Infectious disease

Concise and practical handbook for all those who have responsibility for the identification and control of infectious disease


Why Buy this Book?:


  • Clear and concise - combining science, attention to detail and a practical approach
  • Covers basic principles of communicable disease control and health protection, major syndromes, control of individual infections, main services and activities, organizational arragements for all EU countries and sources of further information
  • All chapters updated inline with recent changes in epidemiology, new guidelines for control and adminstrative changes
  • New or expanded chapters on immunization queries, smallpox, SARS, West Nile virus, delibrate release / bioterrorism and on-call response


"This comprehensive and practical handbook will provide a very accessible source of detailed information for everyone in the field of communicable disease control."
Sir Liam Donaldson, Chief Medical Officer (from the foreword)


"This handbook will be a valuable resource for all those who are interested in control of communicable disease, including public-health physicians, epidemiologists, infection control nurses, microbiologists and those training to work in these related fields."
The Lancet Infectious Diseases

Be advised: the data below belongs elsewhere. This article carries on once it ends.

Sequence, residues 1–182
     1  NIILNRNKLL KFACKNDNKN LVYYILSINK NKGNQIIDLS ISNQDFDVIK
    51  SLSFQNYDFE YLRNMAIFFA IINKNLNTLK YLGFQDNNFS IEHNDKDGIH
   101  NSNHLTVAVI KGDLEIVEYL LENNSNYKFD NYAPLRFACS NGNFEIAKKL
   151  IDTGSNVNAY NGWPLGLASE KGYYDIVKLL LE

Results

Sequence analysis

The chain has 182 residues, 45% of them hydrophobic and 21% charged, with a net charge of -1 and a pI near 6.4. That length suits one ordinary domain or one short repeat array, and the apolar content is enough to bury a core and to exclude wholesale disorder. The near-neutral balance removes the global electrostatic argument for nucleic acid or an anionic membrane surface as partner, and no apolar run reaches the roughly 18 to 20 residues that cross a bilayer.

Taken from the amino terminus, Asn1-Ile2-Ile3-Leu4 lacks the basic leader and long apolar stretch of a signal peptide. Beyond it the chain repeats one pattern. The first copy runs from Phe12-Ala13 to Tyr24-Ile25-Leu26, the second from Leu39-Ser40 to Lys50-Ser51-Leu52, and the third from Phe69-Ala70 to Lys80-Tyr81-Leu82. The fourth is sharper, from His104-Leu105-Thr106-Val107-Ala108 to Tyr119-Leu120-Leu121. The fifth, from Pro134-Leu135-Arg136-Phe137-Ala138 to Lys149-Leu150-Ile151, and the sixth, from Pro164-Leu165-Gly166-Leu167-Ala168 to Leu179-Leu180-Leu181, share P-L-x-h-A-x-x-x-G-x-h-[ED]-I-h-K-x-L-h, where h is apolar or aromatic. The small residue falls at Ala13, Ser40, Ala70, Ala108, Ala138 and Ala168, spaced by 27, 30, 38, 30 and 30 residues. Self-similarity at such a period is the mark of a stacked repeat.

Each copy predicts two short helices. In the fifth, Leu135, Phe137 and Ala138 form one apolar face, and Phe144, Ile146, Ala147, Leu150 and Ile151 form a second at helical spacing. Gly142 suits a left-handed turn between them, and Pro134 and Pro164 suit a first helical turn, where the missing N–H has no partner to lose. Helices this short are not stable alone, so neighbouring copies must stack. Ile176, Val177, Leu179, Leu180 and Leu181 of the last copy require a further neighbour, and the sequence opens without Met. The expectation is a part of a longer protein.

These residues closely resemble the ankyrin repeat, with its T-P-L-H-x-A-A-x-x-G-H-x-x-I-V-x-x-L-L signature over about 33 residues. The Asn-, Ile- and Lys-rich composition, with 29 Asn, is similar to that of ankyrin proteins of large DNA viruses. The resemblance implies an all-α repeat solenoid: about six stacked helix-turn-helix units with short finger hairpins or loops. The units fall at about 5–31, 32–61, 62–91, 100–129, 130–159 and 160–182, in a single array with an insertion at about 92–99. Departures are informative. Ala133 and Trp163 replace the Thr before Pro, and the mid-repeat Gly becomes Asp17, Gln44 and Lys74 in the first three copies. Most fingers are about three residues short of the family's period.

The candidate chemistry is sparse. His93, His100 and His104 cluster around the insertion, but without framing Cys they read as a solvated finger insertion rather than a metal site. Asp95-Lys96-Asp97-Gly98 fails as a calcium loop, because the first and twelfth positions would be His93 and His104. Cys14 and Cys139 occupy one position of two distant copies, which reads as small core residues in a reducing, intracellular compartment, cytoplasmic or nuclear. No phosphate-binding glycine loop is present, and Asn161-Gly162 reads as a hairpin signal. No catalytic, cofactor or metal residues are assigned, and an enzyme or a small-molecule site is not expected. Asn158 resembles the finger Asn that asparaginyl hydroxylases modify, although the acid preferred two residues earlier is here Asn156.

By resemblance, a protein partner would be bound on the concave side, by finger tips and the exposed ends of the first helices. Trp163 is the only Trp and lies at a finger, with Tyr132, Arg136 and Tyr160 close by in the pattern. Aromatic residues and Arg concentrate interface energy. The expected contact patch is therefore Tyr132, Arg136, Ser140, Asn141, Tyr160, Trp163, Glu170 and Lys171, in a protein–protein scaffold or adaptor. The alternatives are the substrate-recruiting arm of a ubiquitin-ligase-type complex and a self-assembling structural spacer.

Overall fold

"This book fulfils all the needs of a practical handbook, being easy to use and packed with practical information."
Epidemiology and Infection


"This would be the first book to reach for in any number of day-to-day or crisis situations in communicable disease control."
British Journal of Infection Control


"If you undertake on-call public health duties, just buy the book."
Journal of Public Health Medicine

Finalist for the Los Angeles Times Book Prize | A New York Times Editor's Choice

“[A] grounded, bracingly intelligent study” —Nature


Prizewinning science journalist Sonia Shah presents a startling examination of the pandemics that have ravaged humanity—and shows us how history can prepare us to confront the most serious acute global health emergency of our time.

Over the past fifty years, more than three hundred infectious diseases have either emerged or reemerged, appearing in places where they’ve never before been seen. Years before the sudden arrival of COVID-19, ninety percent of epidemiologists predicted that one of them would cause a deadly pandemic sometime in the next two generations. It might be Ebola, avian flu, a drug-resistant superbug, or something completely new, like the novel virus the world is confronting today. While it was impossible to predict the emergence of SARS-CoV-2—and it remains impossible to predict which pathogen will cause the next global outbreak—by unraveling the stories of pandemics past we can begin to better understand our own future, and to prepare for what it holds in store.